Fading away

You’d think a discourse on one spell – one that’s used by almost every priest with regularity – would get a short post. Unless you know me and my proclivity for going on and on and on…

Yep. Fade – the priest’s one-shot lifesaver. You already know how to use it. What I’m going to do is take it apart, look at the pieces, and help you be more effective in using it. Oh, before I go further… the numbers I’m going to be using are best guesses. Several places and people have tested and come with what they appear to be, and we (yes, I tested too) are fairly close to each other in most cases. But not exactly the same, and in the end we’re not the programmers and so don’t know EXACTLY what the mechanism is or how it works. It’s just a best guess with lots of empirical observation supporting the guess.

Tooltip first. For rank 1: “Fade out, discouraging enemies from attacking you for 10 sec.” Each of the next ranks add: “Fade out, discouraging enemies from attacking you for 10 sec. More effective than Fade (Rank [the one just before]).” And that tells you absolutely nothing about how it works.

Here’s our best guess. When you cast fade, your threat value on all mobs in combat is modified with a negative number. At the end of 10 seconds that number is added back to all the threat tables. Let’s make a more specific example using Fade Rank 1 – for which the experiments show the reduction value to be around -55.

Let us say – for an example – that our tank has generated 100 points of threat on each of two mobs. Things have gone a bit nuts and we’ve had to heal 400 points on our tank. At this instant we have threat exactly equal to the tank on both mobs. We’re 30 yards away, so we are safe as long as we don’t do more than 30 more threat — 60 more points of healing. Unfortunately, our tank took a nasty critical hit so we have to risk it. And (sarcasm) joy of joys, we do a 200 point heal. Our threat on both these mobs is suddenly 150 to the tank’s 100 and they’ve decided WE are the flavor of the day. The tank gives a fast shot to try and recover. Se hits them both but only does 20 threat apiece – and 120 threat is less than 150 so they’re still on the way.

We pop fade, and our number immediately drops by 55 to 95. Anybody in melee range with 105 threat, or anybody at range with 124 threat, is going to attract the attention of the mobs. The tank, bless her shield, is already at 120 and is staying in melee range to both, so away go the mobs. The tank has 10 seconds to generate enough threat to hold them. How much? That’s a nifty point too — the tank needs enough points that when 55 points of threat are added to the table we aren’t over 110%/130% (melee/ranged) of her threat. In other words, since at 150 we’re 125% of the tank’s threat, if we can get out of melee range in 10 seconds the tank will keep the aggro without either of us doing anything else.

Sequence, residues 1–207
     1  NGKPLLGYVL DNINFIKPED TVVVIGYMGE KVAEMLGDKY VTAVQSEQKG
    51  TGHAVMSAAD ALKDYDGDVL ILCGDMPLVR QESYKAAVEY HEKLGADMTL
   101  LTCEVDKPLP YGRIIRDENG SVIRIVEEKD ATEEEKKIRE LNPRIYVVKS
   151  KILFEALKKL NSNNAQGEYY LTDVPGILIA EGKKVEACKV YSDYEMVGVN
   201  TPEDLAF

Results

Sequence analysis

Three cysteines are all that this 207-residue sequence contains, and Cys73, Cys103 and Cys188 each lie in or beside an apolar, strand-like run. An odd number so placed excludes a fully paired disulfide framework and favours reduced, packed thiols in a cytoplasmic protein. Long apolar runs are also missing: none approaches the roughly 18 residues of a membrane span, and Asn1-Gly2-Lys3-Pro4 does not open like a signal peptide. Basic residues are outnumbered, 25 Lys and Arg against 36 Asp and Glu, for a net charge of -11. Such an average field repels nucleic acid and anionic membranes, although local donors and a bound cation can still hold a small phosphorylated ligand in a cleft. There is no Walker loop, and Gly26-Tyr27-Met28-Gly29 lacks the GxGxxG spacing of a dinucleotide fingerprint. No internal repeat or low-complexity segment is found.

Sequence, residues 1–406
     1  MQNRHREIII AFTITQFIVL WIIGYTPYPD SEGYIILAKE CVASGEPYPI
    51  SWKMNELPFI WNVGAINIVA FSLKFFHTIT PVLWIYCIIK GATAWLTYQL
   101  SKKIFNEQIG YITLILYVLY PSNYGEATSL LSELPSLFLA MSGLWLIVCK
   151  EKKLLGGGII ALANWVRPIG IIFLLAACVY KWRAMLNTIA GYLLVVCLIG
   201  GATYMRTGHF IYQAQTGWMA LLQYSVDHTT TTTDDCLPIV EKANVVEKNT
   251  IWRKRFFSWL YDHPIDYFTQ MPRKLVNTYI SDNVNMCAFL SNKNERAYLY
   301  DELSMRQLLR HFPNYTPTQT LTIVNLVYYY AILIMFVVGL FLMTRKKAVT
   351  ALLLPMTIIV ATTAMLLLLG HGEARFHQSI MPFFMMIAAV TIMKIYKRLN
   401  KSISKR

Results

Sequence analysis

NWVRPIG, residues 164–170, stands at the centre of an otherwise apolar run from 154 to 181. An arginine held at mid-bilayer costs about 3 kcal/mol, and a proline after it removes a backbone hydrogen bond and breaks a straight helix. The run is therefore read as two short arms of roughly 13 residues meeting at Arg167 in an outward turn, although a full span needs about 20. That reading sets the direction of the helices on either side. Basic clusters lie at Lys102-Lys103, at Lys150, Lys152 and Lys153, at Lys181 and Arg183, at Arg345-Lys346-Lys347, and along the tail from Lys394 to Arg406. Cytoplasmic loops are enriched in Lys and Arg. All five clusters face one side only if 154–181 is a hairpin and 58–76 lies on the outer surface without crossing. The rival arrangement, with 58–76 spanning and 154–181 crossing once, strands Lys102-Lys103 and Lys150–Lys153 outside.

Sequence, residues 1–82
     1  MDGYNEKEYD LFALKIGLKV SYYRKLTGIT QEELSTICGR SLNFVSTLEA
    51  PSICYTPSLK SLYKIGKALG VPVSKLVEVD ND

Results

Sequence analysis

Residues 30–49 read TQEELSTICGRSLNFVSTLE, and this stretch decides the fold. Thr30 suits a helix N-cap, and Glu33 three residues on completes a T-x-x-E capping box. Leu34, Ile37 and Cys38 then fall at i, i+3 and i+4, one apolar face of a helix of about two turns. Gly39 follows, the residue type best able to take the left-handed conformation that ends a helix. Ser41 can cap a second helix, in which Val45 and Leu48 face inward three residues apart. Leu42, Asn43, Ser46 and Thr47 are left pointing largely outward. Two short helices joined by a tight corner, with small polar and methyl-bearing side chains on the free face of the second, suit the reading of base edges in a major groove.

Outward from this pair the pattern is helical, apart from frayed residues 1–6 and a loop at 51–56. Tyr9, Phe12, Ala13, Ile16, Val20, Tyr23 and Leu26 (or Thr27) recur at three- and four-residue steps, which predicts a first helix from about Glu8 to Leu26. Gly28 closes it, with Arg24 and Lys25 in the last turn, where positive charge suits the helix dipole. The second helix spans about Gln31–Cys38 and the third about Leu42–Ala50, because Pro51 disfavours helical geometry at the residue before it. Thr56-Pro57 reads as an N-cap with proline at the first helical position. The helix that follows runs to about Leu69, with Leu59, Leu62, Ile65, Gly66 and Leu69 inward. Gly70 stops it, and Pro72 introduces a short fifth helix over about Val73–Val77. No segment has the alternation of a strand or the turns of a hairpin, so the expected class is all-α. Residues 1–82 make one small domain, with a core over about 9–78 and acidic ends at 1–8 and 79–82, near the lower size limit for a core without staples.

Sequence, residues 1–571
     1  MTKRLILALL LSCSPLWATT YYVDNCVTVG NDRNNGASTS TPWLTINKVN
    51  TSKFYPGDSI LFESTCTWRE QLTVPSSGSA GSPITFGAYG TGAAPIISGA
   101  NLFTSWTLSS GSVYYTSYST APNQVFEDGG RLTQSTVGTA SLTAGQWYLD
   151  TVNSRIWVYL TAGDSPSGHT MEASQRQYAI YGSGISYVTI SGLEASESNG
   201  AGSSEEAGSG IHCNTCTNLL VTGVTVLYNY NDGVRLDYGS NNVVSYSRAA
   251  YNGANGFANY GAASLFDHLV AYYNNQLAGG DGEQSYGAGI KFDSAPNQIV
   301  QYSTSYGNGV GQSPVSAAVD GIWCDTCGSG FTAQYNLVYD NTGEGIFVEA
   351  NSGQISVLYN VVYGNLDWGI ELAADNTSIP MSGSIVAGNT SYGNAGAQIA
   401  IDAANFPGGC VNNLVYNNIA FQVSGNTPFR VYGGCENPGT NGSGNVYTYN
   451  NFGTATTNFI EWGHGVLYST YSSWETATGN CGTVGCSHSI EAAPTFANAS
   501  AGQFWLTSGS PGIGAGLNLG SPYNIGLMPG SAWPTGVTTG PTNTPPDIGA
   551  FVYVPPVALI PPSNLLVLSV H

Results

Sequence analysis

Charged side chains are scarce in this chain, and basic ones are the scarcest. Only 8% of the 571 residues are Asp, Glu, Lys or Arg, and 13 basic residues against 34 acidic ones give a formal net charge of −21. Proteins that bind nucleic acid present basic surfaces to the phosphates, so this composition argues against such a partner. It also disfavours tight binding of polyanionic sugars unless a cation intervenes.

Now review that scenario and notice some facts. When you pop fade your threat jumps. The computer treats it as everyone else jumping, though. Which means that given the choice you should get in melee range of the tank before popping it. In melee range the switch is at 110%, at range it’s 130%.

The second thing is that after you’ve popped fade, run AWAY from the tank. Get back to that 130% line.

The third thing to notice is really important. Your threat did not drop to zero. You just ‘lost some’. You can continue to build threat while faded, and it’ll maybe stay below the threshhold. But at the ten second point that subtraction gets reversed and you get it all back. And if you’ve added to your threat, you may be pulling those mobs right back into your face. Sometimes you have to, but know it first.

Fourth, let’s notice some math. The drop for rank 1 is 55 threat. At low threat levels 55 points is a LOT. At high threat levels – say, deep into a boss or miniboss or double-pull fight – 55 points is a small fraction of the total threat. It may not be enough to have the tank jump over the 110% line in relation to you (assuming you ran to the tank). DO NOT PANIC. Stay near the tank for a few seconds, doing nothing (except maybe a bubble) to let the tank do her job. Hopefully the tank will get them off, at which time you run madly for range.

Now, 55 points is not a lot of threat. On the other hand, that’s rank 1, which you learn at level 8. The number of points goes up with ranks. Rank 7 Fade is learned at level 66, and has an estimated effect of -1500 points. That means as long as we’re under about 15,000 threat points per mob we will cause the tank to break the threat line (110%).

A useful technique exists if you are using a threat meter and you see you’re getting close to grabbing aggro from the tank. You can use a pre-emptive fade. Yes, I’m going to assume you’ll stop healing to allow the tank to build a stronger threat buffer, though I recommend you let the tank know he needs to get a bit more threat. But by acting preemptively you avoid forcing the tank to use his long cooldown threat tools (like taunt), and you start the cooldown for your fade earlier – giving you a chance of having it ready for the same battle. I want to point out that the more important of those two is that it allows your tank to save her emergency aggro grabbers – trust me, it helps you both.